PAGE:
If your child enjoys water sprays, slides, basketball, ring toss, or other activities, look for a kiddie pool that has these desirable features.
Inflatable kiddie pools offer the widest range of designs. You can find almost anything your child enjoys, whether it's certain colors, a specific theme, or a favorite animal. If your child wants a dinosaur-themed waterpark with a slide, it's available.
Suitable for adults
There are a number of kiddie pools that are not only larger in size but also have built-in seats so mom or dad can cool off while supervising. If this sounds appealing to you, look for a kiddie pool with this feature.
It’s possible to use some of the smaller kiddie pools year-round. If it fits in your playroom, it can turn from a kiddie pool into a ball pit during the colder months.
Portability and storage
If your kiddie pool survives the summer, you'll need a place to store it. This is where the inflatable pools become appealing because most can compress down to a small enough size to fit on a shelf during the off-season.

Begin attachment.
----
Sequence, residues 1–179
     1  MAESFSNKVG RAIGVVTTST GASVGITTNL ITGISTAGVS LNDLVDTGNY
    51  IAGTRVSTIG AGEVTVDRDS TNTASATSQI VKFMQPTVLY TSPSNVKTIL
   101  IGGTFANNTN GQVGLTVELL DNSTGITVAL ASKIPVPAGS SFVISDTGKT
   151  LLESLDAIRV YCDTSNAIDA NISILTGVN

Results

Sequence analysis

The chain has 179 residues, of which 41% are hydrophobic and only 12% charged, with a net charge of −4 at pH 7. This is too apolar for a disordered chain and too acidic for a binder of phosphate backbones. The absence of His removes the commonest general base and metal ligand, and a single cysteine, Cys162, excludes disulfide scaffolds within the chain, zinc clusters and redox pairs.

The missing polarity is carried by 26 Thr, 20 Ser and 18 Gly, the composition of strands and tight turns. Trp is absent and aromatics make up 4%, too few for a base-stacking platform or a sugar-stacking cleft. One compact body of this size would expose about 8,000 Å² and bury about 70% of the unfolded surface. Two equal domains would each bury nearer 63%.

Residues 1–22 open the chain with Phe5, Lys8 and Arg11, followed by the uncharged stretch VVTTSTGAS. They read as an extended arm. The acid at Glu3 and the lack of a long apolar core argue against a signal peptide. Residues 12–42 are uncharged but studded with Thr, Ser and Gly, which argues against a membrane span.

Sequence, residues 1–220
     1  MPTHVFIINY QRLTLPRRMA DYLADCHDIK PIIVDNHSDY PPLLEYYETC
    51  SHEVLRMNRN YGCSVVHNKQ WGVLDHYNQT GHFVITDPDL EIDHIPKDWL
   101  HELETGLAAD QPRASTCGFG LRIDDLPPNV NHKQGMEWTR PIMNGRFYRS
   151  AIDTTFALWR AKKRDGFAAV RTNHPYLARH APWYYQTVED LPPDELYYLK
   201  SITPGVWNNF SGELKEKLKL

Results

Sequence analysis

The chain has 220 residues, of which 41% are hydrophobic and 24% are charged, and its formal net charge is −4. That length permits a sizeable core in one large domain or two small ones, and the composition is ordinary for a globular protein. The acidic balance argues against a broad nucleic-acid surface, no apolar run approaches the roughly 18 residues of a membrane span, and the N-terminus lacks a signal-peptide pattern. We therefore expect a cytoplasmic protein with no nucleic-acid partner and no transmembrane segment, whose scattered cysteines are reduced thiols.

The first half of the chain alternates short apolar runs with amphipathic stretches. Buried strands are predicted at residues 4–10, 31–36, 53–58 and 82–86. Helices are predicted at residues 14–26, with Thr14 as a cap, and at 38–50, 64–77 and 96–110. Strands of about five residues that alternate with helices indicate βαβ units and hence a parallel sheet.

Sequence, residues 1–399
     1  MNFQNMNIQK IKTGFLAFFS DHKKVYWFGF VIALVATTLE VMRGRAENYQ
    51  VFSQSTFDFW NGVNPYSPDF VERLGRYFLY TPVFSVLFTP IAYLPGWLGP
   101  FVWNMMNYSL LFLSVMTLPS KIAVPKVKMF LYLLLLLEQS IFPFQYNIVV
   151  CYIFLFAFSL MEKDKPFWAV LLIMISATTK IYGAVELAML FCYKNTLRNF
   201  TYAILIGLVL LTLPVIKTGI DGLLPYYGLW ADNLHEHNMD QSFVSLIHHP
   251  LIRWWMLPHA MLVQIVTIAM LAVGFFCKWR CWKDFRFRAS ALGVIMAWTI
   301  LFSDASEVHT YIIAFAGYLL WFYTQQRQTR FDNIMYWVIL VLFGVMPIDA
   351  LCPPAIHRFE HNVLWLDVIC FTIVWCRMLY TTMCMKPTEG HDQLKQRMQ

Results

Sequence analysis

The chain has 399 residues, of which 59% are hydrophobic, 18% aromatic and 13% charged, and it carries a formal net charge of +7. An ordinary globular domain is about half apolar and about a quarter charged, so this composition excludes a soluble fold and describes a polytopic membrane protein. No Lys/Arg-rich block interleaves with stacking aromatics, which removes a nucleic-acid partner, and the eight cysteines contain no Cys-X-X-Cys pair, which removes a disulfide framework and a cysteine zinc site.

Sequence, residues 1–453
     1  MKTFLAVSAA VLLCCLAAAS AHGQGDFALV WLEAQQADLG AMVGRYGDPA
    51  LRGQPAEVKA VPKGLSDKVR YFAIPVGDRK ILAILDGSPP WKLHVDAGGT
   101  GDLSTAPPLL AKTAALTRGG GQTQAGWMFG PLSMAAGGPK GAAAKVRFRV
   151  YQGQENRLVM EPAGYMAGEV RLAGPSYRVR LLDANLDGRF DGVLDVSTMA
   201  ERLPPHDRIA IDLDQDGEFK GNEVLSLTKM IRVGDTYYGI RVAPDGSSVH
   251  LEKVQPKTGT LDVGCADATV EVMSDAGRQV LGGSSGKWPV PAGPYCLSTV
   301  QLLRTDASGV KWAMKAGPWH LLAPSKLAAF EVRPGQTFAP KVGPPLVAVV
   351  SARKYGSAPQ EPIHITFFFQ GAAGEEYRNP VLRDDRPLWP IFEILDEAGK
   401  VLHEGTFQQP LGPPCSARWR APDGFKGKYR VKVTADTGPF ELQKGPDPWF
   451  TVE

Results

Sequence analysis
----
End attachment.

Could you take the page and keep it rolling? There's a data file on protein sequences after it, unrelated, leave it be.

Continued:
Anything that’s on you or your child when you enter a kiddie pool will be in the water. This includes sweat, body oils, lotions, and hair products.
Inexpensive: A kiddie pool is one of the most affordable forms of healthy entertainment you're likely to find. There are several small inflatable pool options available at or around $10. These are the no-frills, “blow it up and fill it with water” models. Most can also be used as ball pits.
Mid-range: As you move up in price, from around $17 to $25, you'll find small kiddie pools in the shape of animals, as well as some rigid pools (that you don’t have to inflate). Additionally, some kiddie pools in this price range offer shade.
Expensive: From $25 to $40, you can get an inflatable water playground with slides and other activities. Alternatively, you’ll find larger-size rigid pools.
Premium: If you’re looking to spend more than $50, you want the pool to be large enough to accommodate a lounging adult or be a more permanent pool. If you're not getting an appreciably larger size or a more durable item, the pool might be overpriced.